It’s a mistake to think we can reduce polarization by pulling back from discussion; in fact, we need more but better discourse. But what is “better” discourse?
Previously, when I heard this sort of question, I would indicate various things one should not do. Even though a lot of people break these “don’ts” all the time, they’re fairly obvious and commonsensical. They include: Don’t engage in name calling; don’t make assumptions about what the person you are talking to believes without first taking the time to find out; and don’t attribute any sort of malevolence to them simply because they don’t share your views.
Fine. But let’s flip things and make a positive suggestion—also something simple, but not as simple as the negatives: Remember that most people have reasons for their views and build on that. But how exactly do we do that? More specifically, how should we build on someone else’s reasons? This is where things start to get less simple.
For starters, while people generally have reasons for their views, those reasons are often inchoate and unclear, even to them. At the same time, though, those reasons usually come down to one of five things:
- we shouldn’t harm people
- we shouldn’t harm ourselves
- we shouldn’t insult people
- we should be moral, and
- we should help people.
In short: Don’t harm or insult anyone, including yourself, and be moral and help people. Or, to put it another way, be good to yourself and those around you.
Those five things are each important and pretty universally recognized even if not always accepted as good reasons for action, inaction or interference with action. Indeed, each of those five items has a corresponding normative principle often recognized in law. So simply realizing that people intuitively accept one or more of the five can help us better engage in civil dialogue.
At the same time, it is very common for the reasons that people have for their views—inchoate and unclear though they may be—to vary. Also, it is rarely the case that someone accepts all five of the reasons I list as good justifications for behavior or, perhaps more importantly, for limiting behavior. Moreover, people will disagree about how to define each of the five and about what each actually entails. For instance, what is “harm” and what sorts of harms are significant enough to warrant interfering with someone? Likewise, what is “offensive” and what sorts of offenses are significant enough to warrant interfering with someone?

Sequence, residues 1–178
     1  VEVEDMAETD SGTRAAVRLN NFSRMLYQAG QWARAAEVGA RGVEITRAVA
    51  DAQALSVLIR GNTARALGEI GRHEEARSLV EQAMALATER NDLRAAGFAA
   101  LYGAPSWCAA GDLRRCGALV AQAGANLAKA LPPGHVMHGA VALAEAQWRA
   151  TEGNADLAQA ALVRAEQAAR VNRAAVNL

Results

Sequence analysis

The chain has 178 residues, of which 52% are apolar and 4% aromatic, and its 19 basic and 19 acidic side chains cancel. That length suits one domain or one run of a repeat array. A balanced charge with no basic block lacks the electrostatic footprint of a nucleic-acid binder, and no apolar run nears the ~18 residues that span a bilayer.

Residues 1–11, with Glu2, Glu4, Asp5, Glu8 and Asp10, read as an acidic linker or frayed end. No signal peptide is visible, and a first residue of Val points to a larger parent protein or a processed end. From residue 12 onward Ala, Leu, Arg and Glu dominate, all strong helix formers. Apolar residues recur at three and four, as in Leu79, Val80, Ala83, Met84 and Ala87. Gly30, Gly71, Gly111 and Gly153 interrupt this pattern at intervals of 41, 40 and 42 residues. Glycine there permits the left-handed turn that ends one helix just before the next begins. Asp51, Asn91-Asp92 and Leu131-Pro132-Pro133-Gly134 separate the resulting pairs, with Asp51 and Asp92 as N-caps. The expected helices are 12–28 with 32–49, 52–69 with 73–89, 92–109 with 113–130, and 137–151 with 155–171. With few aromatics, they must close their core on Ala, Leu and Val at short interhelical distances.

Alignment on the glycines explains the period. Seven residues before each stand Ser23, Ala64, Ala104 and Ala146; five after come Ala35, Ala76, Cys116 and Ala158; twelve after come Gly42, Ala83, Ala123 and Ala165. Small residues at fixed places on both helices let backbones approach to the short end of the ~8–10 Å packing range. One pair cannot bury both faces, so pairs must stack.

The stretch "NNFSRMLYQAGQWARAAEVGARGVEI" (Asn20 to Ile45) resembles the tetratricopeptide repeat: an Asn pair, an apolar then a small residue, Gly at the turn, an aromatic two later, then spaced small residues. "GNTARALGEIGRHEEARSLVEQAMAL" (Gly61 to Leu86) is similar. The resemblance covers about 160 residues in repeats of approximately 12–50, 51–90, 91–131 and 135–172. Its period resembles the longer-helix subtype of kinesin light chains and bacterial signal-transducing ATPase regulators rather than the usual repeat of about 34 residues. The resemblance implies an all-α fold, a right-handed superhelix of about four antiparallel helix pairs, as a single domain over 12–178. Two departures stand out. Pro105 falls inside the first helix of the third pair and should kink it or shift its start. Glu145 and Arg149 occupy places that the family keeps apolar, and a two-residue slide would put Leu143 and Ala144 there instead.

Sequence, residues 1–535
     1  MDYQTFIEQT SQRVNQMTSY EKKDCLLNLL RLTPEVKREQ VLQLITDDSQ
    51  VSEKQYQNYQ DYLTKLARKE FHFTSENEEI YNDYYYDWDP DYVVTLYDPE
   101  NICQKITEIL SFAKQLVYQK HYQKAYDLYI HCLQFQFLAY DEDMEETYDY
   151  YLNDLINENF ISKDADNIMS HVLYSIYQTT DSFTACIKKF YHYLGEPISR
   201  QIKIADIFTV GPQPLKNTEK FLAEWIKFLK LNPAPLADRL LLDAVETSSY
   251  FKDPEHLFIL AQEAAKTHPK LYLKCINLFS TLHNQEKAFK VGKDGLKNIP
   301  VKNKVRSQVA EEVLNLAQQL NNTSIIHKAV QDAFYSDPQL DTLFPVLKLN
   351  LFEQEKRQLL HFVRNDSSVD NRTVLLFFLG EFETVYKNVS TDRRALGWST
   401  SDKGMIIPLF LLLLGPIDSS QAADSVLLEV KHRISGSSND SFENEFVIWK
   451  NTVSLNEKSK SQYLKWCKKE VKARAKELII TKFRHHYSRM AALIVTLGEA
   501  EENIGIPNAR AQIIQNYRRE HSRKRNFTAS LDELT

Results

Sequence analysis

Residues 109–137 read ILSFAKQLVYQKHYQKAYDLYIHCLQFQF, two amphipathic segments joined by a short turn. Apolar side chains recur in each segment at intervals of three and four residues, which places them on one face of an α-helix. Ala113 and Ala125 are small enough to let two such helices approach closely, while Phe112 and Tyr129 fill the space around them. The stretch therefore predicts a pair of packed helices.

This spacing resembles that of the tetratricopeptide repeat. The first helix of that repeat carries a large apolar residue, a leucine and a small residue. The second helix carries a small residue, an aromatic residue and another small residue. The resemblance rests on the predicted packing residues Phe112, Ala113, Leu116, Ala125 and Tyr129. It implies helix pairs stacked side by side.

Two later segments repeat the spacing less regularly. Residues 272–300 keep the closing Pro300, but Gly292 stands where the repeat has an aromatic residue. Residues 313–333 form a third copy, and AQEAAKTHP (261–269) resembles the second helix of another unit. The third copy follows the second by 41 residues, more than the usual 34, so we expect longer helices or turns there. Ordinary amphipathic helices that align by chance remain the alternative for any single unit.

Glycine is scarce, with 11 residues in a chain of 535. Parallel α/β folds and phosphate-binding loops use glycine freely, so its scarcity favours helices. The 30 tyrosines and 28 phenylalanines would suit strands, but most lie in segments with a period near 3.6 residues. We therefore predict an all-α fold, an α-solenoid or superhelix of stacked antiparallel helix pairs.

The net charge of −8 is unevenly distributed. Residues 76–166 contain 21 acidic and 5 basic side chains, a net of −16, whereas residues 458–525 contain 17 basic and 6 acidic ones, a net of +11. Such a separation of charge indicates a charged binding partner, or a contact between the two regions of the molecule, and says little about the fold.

My basic suggestion, then, is that when you find yourself discussing some moral or political issue with someone that you disagree with, ask yourself if you can figure out which of the five basic factors they are concerned with, ask them if they are, in fact, concerned with what you think they are concerned with and then discuss that. This means asking a lot of questions, which in itself is a good way to engage with people with whom you disagree. It also means trying to figure out why they think there is something concerning about the case involving the reason you’ve identified and what, precisely, they think the problem really is.
As an example, if you’re having a discussion with someone about whether transgender women (women who were born male) should be able to compete in sports competitions intended for women, try to determine if there is a concern about harm done to the other women in the competition, or whether the other person believes there is something immoral about being transgender, or something else. If they believe there is a harm involved but you do not (or vice versa), try to determine, in conversation with them, what that harm is. If they believe there is an immorality involved but you do not (or vice versa), again, try to determine, in conversation with them, what that immorality is.
Engaging the other person like this, especially while retaining a curiosity about how they and others think, is a way of showing them respect. Your behavior—engaging them in probing but respectful conversation—basically tells them that you take them seriously as someone who has real reasons for what they believe and that you want to know more, perhaps to see if you are mistaken. It also allows the other person the opportunity—indeed, an invitation—to do the same with you. If they are willing to engage in this way, it can help you both to develop an honest and mutually beneficial relationship.
This sort of discourse—genuine, honest and civil—can be a win-win in that it will help you learn and improve your own thinking all while helping build better relations with those around you. Genuine civil discourse is delightful precisely because it helps engage our curiosity and improve our thinking, while at the same time helping us build genuine connections to others.